Tuesday, March 20, 2012


The last time I posted anything of political import on these pages, there was widespread rioting across the UK.

I cannot understand why there isn’t rioting today, why people in their millions aren’t converging on Whitehall, armed with whatever was to hand, and demanding David Cameron’s resignation – if not his head on a plate. And maybe just cutting out the niceties and hanging Andrew Lansley from the nearest available lamp-post.

On 5 July 1948, England’s National Health Service – the NHS – came into being. Its architect was Labour politician Aneurin Bevan. His vision was healthcare for all, funded by taxes instead of being dependent on health insurance; a classless system – socialist in the purest sense of the word – that would care for Britons, as he put it, “from the cradle to the grave”.

On 20 March 2012, Andrew Lansley’s so-called reforms were passed through the Commons. Privatisation, which has already been escorted in surreptitiously through the back door in Hinchingbrooke, has now received carte blanche. Is it a co-incidence that Lansley’s former PA is currently Head of Communications for a major independent healthcare provider?

Aneurin Bevan did the British public arguably the greatest service that can be claimed by any politician. David Cameron – our unvoted-for Prime Minister – stubbornly backed Lansley in the face of massive public protest, scepticism from professional healthcare bodies, and demands for Lansley’s unpublished “risk register” to be made public.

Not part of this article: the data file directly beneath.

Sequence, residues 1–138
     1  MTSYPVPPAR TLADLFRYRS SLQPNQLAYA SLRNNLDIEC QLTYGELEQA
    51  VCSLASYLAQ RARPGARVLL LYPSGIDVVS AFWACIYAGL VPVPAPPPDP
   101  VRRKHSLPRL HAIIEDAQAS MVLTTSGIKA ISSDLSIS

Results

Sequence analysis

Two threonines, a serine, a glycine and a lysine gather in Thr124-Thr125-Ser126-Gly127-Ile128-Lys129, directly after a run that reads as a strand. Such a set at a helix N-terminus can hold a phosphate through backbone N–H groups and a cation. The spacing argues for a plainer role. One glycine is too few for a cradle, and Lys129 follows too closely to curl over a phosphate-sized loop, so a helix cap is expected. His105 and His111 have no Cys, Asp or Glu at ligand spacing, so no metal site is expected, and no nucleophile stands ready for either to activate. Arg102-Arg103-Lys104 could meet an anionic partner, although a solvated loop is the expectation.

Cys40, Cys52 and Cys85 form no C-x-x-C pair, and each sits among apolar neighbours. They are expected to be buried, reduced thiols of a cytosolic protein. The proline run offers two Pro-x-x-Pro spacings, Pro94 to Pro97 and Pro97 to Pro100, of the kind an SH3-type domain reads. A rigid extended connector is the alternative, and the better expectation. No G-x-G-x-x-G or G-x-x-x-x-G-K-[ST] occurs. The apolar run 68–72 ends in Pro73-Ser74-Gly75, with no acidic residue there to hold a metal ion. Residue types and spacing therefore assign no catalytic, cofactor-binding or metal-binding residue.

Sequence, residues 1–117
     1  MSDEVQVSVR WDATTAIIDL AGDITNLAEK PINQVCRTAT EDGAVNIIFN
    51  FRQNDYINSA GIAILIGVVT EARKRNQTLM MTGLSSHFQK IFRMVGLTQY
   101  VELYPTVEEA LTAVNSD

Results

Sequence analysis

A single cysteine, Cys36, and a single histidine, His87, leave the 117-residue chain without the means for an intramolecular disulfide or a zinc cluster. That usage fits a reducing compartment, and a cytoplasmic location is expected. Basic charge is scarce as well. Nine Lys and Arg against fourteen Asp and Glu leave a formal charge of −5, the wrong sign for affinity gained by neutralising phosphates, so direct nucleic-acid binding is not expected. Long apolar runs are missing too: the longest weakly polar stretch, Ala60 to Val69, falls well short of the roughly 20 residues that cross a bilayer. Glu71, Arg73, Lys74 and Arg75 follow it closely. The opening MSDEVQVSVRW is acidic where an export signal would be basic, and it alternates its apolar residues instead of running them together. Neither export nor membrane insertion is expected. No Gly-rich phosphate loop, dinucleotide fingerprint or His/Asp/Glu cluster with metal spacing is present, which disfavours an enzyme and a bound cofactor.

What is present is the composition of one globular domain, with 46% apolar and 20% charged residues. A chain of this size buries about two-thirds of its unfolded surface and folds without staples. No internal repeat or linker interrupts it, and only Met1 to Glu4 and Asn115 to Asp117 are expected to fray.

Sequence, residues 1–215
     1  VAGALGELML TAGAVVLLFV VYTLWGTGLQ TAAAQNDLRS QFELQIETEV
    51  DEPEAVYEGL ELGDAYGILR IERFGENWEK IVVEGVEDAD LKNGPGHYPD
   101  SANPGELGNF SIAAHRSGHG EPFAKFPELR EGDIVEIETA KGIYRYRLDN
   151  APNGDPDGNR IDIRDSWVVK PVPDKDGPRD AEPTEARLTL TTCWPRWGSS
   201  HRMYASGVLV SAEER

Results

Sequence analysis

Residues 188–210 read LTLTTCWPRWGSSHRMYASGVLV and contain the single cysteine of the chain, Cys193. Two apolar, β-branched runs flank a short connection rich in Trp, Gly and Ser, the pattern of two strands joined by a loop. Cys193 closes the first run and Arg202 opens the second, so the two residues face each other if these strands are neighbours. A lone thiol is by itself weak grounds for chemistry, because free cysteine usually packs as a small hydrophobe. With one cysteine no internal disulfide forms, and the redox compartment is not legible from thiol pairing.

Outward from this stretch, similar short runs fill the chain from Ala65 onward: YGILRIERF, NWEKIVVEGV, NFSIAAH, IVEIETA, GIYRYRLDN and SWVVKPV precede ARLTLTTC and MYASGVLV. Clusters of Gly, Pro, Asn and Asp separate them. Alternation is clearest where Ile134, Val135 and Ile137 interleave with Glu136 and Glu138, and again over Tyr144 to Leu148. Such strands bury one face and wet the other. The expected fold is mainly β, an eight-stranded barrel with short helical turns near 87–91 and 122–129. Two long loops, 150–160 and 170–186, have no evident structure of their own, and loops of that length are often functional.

Once again our government has ignored its people. The NHS now exists purely as a brand. It will be broken up into competing services with patient care subjugated to profit margins. Free market economy hammers another nail into socialism. I hoped I’d never have to say this, but Thatcherism is once again the driving force behind Britain’s socio-political direction. A direction that has dragged Bevan’s great institution into its grave and is dragging the rest of the country in right behind it.

The riots last year, and the political disenfranchisement which created the atmosphere conducive to them, left me feeling that there was nothing to believe in politically in Britain. That goes double tonight.

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